Id. at 319 (quoting Butner, 440 U.S. at 55, 99 S.Ct. 914) (emphasis added). The Kenney court thus concluded that a deficiency claim may be pursued by the creditor of a 910 vehicle as an unsecured claim so long as the underlying state law, in conjunction with the parties' contract, allows for such a claim.6
In light of the foregoing, it seems safe to say that the previous minority view is now the majority view. Given the comprehensive analysis by our sister circuits, we have little to add. A plain reading of the hanging paragraph makes clear that Congress intended to (and did) make Section 506(a) inapplicable to a 910 vehicle. In such a situation, we agree with the Seventh Circuit that “by knocking out § 506, the hanging paragraph leaves the parties to their contractual entitlements.” See Wright, supra, 492 F.3d at 832. Leaving the parties to their contract, and looking to applicable state law, is required by well-established Supreme Court precedent. See, e.g., Butner, supra, 440 U.S. at 48, 99 S.Ct. 914 (explaining that state law determines rights and obligations when the Bankruptcy Code does not provide a federal rule).
We further note that a contrary result would be inconsistent with legislative intent. As we have recently stated, the legislative history of the hanging paragraph “leaves little doubt that its ‘architects intended only good things for car lenders and other lienholders.’ ” Graupner v. Nuvell Credit Corp., 537 F.3d 1295, 1297 (11th Cir.2008) (quoting Long, supra, 519 F.3d at 294). Thus, car lenders and lienholders should clearly not be negatively impacted by the hanging paragraph in situations where the debtor surrenders a 910 vehicle, yet that is exactly the effect if surrendering the vehicle is deemed to fully satisfy the debt when the contract provides for recourse. Congress obviously did not intend such a result in legislation purporting to “Restor[e] the Foundation for Secured Credit.”7
We thus join the Seventh, Eighth, Tenth, and Fourth Circuits8 and hold that a creditor may pursue an unsecured deficiency claim when the debtor surrenders a 910 vehicle. The deficiency claim is to be governed by the parties' contract and applicable state law, and will depend on whether the contract and state law provide for recourse. Nothing in the Bankruptcy Code says otherwise, and we see no persuasive reason to conclude otherwise.
For the reasons stated above, we VACATE the bankruptcy court's orders overruling Daimler's objection and confirming the plan and REMAND to the bankruptcy court for further proceedings consistent with this opinion.
1. The section in question has been called the hanging paragraph because, although it is set forth as a subparagraph following 11 U.S.C. § 1325(a)(9), it is not separately designated by letter or number. Rather, it just “hangs” without ordered designation and without surrounding context. It has been variously referred to by courts as Section 1325(a)(9), Section 1325(a)(*), and as the “hanging paragraph.” For purposes of this opinion, we will use “hanging paragraph” in text and § 1325(a)(*) for citations.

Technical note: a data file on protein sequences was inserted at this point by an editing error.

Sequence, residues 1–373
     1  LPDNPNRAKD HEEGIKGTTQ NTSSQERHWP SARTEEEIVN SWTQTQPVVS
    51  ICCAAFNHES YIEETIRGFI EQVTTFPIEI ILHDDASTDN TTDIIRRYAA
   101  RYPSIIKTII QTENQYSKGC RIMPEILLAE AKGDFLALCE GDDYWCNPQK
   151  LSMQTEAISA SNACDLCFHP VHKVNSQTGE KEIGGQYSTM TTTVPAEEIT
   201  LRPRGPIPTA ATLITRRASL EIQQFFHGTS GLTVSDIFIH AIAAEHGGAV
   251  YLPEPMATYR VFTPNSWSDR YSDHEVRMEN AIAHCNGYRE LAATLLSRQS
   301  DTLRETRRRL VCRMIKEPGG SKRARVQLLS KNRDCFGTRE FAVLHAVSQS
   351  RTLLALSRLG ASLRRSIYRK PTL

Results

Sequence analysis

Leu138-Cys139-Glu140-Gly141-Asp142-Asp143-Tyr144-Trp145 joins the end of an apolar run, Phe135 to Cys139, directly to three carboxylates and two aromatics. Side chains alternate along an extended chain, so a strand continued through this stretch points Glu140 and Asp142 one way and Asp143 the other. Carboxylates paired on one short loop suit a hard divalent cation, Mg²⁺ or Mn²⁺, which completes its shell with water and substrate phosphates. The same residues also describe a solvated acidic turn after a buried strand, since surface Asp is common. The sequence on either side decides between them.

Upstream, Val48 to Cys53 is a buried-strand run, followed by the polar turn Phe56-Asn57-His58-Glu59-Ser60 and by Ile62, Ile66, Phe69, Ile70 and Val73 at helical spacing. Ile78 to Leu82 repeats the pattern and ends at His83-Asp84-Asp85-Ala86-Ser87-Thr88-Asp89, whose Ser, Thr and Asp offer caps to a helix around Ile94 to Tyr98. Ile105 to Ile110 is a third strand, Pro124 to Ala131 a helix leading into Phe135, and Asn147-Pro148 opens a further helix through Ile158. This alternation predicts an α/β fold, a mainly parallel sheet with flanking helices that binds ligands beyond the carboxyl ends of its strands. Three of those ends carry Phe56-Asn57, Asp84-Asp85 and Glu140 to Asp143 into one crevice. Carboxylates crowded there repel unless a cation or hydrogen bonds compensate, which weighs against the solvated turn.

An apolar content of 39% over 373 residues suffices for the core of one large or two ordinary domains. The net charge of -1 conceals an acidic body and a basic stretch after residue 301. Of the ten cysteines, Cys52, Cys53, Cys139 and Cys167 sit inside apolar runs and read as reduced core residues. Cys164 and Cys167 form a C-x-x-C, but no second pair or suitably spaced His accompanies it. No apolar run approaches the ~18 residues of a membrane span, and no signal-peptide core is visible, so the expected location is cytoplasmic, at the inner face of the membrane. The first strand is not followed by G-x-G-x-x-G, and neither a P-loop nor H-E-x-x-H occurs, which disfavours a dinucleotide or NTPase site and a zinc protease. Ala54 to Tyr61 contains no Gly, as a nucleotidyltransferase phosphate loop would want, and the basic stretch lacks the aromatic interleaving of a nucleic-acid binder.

2. It is called “cramdown” because, as the Seventh Circuit has explained, the bankruptcy court in effect “crams down the creditor's throat the substitution of money for the collateral, a situation that creditors usually oppose because the court may underestimate the collateral's market value and the appropriate interest rate, and the debtor may fail to make all promised payments, so that the payment stream falls short of the collateral's full value.” In re Wright, 492 F.3d 829, 830 (7th Cir.2007) (Easterbrook, J.).
3. On the same date that Osborn was decided, the Eighth Circuit decided AmeriCredit Financial Servs., Inc. v. Moore, 517 F.3d 987 (8th Cir.2008). Moore reemphasized that under Osborn, the deficiency claim is an unsecured claim under state law and not-as the creditor in that case argued-a fully secured claim entitling the creditor to “full payment.” See id. at 989. In this case, Daimler advances the same argument that was rejected in Moore. See Appellant's Brief at 20-24. We reject it for the same reasons.
4. The third judge on the Long panel filed a dissenting opinion in which he stated that he would “affirm based upon the well-reasoned opinion of the bankruptcy court.” Id. at 301 (Clay, J., dissenting).
5. The Ballard court agreed with the result, but by necessary implication did not adopt the reasoning, of the Sixth Circuit's lead opinion in Long, supra, which, as noted, used “the equity of the statute” to fill a perceived statutory gap rather than resort to non-bankruptcy law to preserve the deficiency claims.
6. Like the Tenth Circuit, the Kenney court agreed with the overall result, but did not adopt the reasoning, of the Sixth Circuit's Long decision.
7. The Debtors and the parties appearing amicus curiae suggest that we should not look to legislative intent because the language of the hanging paragraph is plain and unambiguous. While it is true that the statute is plain and unambiguous, as the Debtors and amici themselves also note, we may look to legislative intent to avoid an absurd result at odds with the meaning of the drafters. As noted above, we believe it would be an absurd result to hold that Congress intended to indirectly render secured loans into non-recourse loans-no matter what the contract provides-in legislation that expressly sought to restore the foundation of secured credit.
8. And the Sixth Circuit, to the extent that it reaches the same result.
VINSON, District Judge: